Jessie Crockett’s first cozy mystery, LIVE FREE OR DIE, won the Daphne du Maurier Award for mainstream mystery. Her new series, the Sugar Grove mysteries, features Dani Greene, from a prominent New Hampshire family of maple syrup makers, and a large cast of colorful secondary characters.
Just out now is the second book in this series, MAPLE MAYHEM, in which Dani tries to set up an agricultural cooperative to help smaller sugarhouses, setting off a chain of vandalism and then murder.
Please tell us a little about yourself. You’re a New Hampshire native?
Native might be too strong a word. I’ve lived in New Hampshire since I was eight years old. Both of my parents were born and raised in Maine so I feel very strongly that northern New England is my home.
What can you tell us about your new book, MAPLE MAYHEM?
MAPLE MAYHEM involves maple syrup maker Dani Greene’s thwarted attempts at starting an agricultural cooperative. She finds herself confronted by sabotage and ultimately murder in her quest to help her neighbors and herself to improve the bottom line in their sugaring businesses.
Readers will enjoy your asides on New Hampshire culture and inside details on the maple sugar business. In this book you also touch on a real-life crime involving maple syrup. Do you do a lot of research for your books?
I do quite a bit of research. Maple sugaring is a fascinating activity and a pleasure to investigate. One of the best parts of the research is, of course, the taste testing!
On your website you use the phrase “like Mayberry with dead bodies” and I was also reminded of Cabot Cove. Is it difficult to combine humor and small-town nostalgia with a murder plot and some degree of psychological and current-day realism?
For me, humor is what makes all tough situations bearable. I didn’t sit down with the intention to write humor into my books but it showed up anyway and I think that is a reflection of my lens on the world. I think we can only bring ourselves to the page, and while mixing murder with comical aspects of small-town life may not be everyone’s way, I’ve been enjoying it being mine.
What led you to decide to write mysteries? Any particular writers who inspired you?
I’ve always loved mysteries. In fact, the first chapter book I ever read was a Bobbsey Twins book. I felt so triumphant about reading that book that I think I’ve associated mysteries with pleasure ever since. I also love the structures involved in creating them and the bargain you strike with the reader to simultaneously reveal and conceal the truth of the story.
As for inspiration, I would say Charlotte MacLeod, Dorothy Cannell, and Martha Grimes are favorites. I also love all forms of Scandinavian crime, partly because of the armchair traveler aspect but also because I am cheered by the fact the winter weather in Scandinavia is even worse than in New Hampshire.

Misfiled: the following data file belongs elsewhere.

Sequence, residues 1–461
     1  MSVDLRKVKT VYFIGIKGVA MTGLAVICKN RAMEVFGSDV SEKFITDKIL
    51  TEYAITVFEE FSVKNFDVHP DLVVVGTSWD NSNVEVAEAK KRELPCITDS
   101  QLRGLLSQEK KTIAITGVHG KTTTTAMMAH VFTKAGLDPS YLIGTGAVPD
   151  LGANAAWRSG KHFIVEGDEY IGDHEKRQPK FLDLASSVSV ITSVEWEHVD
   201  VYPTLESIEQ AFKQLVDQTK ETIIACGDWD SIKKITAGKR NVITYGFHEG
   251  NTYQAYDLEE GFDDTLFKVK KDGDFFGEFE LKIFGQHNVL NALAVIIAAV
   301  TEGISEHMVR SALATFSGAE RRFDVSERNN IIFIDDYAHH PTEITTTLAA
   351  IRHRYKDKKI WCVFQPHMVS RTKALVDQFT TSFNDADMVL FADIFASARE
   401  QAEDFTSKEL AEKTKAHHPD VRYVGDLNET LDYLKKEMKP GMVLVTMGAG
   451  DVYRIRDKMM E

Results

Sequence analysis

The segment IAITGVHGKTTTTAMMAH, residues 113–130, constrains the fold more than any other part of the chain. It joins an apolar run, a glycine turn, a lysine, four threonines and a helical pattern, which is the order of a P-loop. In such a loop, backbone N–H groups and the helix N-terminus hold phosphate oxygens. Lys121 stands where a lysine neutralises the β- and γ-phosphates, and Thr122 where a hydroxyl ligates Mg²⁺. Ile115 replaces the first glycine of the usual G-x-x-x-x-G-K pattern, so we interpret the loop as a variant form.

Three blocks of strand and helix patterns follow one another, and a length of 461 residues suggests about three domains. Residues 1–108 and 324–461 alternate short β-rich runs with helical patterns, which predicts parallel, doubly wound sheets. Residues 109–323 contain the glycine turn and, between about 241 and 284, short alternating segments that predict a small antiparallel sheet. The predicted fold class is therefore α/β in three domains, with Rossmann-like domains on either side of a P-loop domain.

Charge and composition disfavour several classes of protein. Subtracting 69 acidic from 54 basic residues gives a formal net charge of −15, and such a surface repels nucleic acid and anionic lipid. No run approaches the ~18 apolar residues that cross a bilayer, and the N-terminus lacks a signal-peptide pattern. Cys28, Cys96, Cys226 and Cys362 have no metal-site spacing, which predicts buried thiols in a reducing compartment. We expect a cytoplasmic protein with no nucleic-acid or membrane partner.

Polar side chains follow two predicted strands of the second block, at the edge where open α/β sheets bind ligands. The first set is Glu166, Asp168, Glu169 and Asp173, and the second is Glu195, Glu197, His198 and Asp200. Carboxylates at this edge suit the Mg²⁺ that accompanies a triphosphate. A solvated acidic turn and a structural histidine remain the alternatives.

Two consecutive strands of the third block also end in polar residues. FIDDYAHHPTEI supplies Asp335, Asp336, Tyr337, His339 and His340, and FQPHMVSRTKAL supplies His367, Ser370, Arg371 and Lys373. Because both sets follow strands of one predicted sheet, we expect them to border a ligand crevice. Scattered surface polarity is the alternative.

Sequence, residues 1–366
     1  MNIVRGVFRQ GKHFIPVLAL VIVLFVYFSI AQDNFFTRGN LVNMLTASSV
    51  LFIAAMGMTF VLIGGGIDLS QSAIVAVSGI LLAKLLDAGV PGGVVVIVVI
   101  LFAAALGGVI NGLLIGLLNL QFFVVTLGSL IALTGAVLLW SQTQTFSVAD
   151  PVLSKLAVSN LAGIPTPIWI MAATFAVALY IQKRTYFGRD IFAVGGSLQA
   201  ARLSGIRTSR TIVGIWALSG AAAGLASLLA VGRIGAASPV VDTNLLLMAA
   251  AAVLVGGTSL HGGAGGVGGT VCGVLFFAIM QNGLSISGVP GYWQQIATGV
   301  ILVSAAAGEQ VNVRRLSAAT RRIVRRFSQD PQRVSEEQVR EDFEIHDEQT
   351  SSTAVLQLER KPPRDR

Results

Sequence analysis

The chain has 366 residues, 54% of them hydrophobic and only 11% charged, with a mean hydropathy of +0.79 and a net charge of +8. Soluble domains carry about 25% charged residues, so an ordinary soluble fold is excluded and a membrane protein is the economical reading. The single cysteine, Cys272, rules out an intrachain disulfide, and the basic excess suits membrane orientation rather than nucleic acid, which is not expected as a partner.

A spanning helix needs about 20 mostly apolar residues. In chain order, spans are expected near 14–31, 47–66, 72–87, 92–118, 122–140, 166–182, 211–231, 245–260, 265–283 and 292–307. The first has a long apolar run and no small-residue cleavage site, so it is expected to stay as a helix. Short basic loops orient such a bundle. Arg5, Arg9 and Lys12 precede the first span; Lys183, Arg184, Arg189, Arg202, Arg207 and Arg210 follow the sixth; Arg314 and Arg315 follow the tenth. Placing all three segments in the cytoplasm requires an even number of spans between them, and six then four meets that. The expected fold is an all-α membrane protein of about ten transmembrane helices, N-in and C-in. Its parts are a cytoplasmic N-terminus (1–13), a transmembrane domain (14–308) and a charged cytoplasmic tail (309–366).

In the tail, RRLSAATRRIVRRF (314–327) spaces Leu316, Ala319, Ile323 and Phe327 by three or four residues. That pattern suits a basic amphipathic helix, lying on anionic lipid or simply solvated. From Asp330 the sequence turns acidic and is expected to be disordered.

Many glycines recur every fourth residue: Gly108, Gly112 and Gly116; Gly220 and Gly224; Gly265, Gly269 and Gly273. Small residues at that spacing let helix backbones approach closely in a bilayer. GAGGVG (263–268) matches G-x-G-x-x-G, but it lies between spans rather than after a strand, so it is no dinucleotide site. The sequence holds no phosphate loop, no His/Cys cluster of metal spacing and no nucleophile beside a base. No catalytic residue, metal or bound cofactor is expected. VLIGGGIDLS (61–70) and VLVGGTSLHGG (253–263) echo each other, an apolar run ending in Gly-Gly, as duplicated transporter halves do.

How long did it take you to get published? I see you started out at a smaller publisher and are now in the Berkley Prime Crime line of paperback mysteries.
It took me about a year of trying to find a publisher for my first book, LIVE FREE OR DIE. I signed with Berkley two years after that.
Is there anything you wish you had known when you were starting out as a writer?
I wish I had trusted my instincts sooner. My natural tendency is to write bloated and then to ruthlessly cut. When I was working on LIVE FREE OR DIE, I figured I couldn’t possibly know what I was doing so I fought my instincts and wrote really lean. As I’ve learned to trust myself and my process, I’ve found I often need to write something two or even three times almost exactly the same way in order to get it right. I also think it would have been good for me to understand earlier that when an agent says she can’t sell something it doesn’t mean it can’t be sold by anyone. It just means it isn’t a match for her.
With the Internet now everyone is a critic. How much attention do you pay to reader comments on Amazon, Twitter, and other sites?
I sometimes read the reviews of my work and am so grateful that people take time out of their lives to share their thoughts. I tend to pay the most attention to things that are repeated by many readers because those comments give me feedback that I believe helps me to provide a better experience for my readers.
What are you working on now?
I recently turned in the third manuscript in my Sugar Grove series. I’ll be working on revisions of that very soon.
Is there any other sort of book you think about writing in the future?
My first book, LIVE FREE OR DIE, involved a historical component. I enjoyed the research and weaving those threads into the story so much I would really like to try my hand at something similar again. I also love things with a bit of a Gothic or paranormal element to them.
A nearly life-long resident of the Granite State, Jessie naturally adores black flies, 98% humidity and snow banks taller than the average grandmother. When not writing she combs the beach and throws parties. She delights in mentoring young writers at local schools. She lives with her dark and mysterious husband and exuberant children in a village so small many other New Hampshire residents have never heard of it. Her debut mystery, LIVE FREE OR DIE, won the 2011 Daphne du Maurier Award for Mainstream Mystery.
To learn more about Jessie, please visit her website.
Interested in becoming a member of the International Thriller Writers? ITW offers Active and Associate memberships.
Latest posts by ITW (see all)
- February 19 – 25: “Do you have a writing mentor?” - February 18, 2018
- February 12 – 18: “How do you start writing your novel?” - February 11, 2018
- February 5 – 11: “Is fact really stranger than fiction?” - February 4, 2018